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It seems like you could protect yourself from a Tazer by having a conductive metal in your clothing that would complete a circuit between the two prongs with lower resistance than your skin. Since people don't do this I guess it probably doesn't work. Can anyone explain why to someone without much electrical experience?

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"Since people don't do this...", well, no one I know goes around wearing a ceramic-plates-enhanced bulletproof vest, but this doesn't mean it doesn't work. We need some hard evidence.

Someone already has had this idea, and it seems it provoked a bit of a controversy..

A seemingly more effective countermeasure is lining your clothes with carbon fibers. There is also an instructable about that!

Of course you could turn the volume up to eleven and use a Faraday suit:

enter image description here

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Depends on the type of the Taser. If it is a Taser gun, the projectiles would probably puncture the aluminium foil. You would have to wear something like a very thin but strong chainmail to be protected from that.
If it is a standard Taser, and the aggressor applies it to the aluminium foil, you would be protected as far as the aluminium is intact. Of course, it is very unlikely someone would prefer to tase your clothes over your exposed skin.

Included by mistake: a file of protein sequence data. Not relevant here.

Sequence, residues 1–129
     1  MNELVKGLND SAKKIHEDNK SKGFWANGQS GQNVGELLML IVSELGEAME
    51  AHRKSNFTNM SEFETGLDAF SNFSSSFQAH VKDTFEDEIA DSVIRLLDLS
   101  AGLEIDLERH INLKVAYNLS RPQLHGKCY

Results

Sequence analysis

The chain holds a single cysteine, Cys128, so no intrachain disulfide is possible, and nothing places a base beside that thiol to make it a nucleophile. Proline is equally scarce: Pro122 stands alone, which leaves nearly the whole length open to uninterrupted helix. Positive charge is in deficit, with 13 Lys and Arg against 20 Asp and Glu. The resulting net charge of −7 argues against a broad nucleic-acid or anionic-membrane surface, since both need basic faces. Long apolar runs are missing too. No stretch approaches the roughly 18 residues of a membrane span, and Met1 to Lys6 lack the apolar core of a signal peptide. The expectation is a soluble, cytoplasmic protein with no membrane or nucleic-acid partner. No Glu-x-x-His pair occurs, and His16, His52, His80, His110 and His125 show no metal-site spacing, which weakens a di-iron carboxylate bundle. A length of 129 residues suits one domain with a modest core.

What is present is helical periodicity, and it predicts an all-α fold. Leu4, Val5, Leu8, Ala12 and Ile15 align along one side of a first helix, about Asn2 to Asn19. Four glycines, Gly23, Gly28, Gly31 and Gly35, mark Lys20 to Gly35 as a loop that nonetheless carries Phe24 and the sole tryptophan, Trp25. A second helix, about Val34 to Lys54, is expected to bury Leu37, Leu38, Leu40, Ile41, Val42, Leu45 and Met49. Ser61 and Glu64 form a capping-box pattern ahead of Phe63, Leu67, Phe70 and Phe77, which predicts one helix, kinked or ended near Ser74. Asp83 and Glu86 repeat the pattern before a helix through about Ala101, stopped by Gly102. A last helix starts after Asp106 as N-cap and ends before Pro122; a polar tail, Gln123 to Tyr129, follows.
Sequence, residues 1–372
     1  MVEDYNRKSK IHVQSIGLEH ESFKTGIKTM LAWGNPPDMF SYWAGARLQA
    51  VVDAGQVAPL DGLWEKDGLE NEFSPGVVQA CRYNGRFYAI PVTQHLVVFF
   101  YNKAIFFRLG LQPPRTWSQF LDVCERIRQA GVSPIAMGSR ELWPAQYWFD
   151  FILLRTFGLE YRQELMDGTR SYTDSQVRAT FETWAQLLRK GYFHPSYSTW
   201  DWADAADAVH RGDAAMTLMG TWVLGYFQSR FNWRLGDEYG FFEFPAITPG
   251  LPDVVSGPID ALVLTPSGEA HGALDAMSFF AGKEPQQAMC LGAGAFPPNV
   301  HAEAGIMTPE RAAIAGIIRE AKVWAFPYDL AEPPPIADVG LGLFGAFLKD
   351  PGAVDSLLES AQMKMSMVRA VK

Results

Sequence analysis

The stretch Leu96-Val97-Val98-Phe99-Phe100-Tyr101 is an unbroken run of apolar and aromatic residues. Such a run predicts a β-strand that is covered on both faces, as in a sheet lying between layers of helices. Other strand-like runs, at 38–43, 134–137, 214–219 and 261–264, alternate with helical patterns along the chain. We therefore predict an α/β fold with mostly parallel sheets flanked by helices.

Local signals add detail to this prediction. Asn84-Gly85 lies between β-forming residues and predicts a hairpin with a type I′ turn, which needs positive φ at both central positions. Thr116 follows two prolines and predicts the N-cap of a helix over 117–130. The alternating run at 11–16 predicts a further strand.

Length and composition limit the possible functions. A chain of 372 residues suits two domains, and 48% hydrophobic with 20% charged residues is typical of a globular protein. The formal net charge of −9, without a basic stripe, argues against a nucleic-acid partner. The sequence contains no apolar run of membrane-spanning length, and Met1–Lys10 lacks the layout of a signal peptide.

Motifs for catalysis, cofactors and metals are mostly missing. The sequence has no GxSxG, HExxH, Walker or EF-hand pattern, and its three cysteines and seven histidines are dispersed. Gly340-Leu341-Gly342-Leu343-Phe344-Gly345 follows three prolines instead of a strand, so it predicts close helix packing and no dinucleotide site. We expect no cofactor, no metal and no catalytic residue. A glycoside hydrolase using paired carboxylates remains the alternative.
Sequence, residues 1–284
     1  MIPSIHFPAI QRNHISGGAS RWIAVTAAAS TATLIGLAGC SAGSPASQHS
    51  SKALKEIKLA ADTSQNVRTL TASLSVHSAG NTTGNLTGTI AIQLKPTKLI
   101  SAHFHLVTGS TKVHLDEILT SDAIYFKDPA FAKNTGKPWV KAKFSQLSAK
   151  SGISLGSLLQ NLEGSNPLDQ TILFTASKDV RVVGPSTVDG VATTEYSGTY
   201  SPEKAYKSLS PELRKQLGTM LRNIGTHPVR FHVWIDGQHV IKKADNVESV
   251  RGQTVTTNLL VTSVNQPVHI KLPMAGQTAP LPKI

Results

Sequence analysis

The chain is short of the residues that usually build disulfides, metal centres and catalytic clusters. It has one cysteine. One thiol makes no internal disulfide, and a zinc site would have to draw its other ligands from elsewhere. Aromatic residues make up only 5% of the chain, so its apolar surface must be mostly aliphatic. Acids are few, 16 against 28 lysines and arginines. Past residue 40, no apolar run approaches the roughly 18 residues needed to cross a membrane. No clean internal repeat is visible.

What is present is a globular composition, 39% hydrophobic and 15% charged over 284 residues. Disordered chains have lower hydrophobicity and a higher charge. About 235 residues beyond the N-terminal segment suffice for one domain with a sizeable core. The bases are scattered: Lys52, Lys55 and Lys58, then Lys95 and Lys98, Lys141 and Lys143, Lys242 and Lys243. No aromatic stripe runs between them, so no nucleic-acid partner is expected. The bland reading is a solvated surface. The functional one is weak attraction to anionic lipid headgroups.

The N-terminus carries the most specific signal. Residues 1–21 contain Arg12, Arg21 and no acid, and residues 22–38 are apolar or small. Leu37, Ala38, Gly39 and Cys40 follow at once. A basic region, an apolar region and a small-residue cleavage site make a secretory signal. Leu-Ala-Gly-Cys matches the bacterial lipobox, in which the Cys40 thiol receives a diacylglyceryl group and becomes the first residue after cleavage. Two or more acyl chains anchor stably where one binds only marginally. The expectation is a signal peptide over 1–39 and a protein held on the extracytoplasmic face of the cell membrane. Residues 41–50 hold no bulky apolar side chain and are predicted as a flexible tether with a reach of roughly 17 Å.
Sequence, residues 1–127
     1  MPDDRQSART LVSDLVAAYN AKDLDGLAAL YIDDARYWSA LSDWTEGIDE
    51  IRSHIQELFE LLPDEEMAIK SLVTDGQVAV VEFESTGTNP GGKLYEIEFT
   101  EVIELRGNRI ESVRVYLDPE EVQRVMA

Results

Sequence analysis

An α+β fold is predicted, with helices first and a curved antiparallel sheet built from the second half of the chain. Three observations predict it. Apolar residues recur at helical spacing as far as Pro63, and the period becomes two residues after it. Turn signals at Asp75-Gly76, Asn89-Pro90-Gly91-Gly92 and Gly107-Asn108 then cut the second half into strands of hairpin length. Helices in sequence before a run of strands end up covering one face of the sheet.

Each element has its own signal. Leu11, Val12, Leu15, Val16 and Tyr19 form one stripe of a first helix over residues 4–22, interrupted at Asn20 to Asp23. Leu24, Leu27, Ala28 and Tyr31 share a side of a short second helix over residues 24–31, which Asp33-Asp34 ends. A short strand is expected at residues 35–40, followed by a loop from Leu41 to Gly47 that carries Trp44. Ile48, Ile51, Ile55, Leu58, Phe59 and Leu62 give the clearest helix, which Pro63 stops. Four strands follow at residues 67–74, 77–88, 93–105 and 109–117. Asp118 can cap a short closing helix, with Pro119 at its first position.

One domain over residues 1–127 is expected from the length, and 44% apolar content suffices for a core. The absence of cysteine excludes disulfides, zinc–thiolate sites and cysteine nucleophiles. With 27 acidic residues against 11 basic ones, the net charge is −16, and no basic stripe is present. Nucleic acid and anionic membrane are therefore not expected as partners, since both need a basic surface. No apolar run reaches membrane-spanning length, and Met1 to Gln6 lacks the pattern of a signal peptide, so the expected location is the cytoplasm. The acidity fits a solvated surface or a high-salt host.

Overall, from the electrical point of view, you would be OK as far as the mechanical integrity of the armor is preserved.
Edit: an additional risk is that the metal may reach high temperatures due to the voltage present between the Taser's terminals and you may be burnt.

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    \$\begingroup\$ I don't think that the high temperature can do any harm. Since Tasers are 'non lethal weapons' (at least in theory) they must at least limit the current or the duration of the shock to some sensible maximum. Aka, only that much jules are allowed. \$\endgroup\$ – Nils Pipenbrinck Jul 25 '15 at 3:12
  • \$\begingroup\$ Well, according to this patent (patft.uspto.gov/netacgi/…), a pulse has 0.9-10 J and you have 2-40 pulses per second. Taking an average value of both, you get about 85.5W being delivered. If you consider an aluminium foil, 80W being applied in a tiny area between the electrodes will surely heat it up a lot. \$\endgroup\$ – gstorto Jul 25 '15 at 7:48

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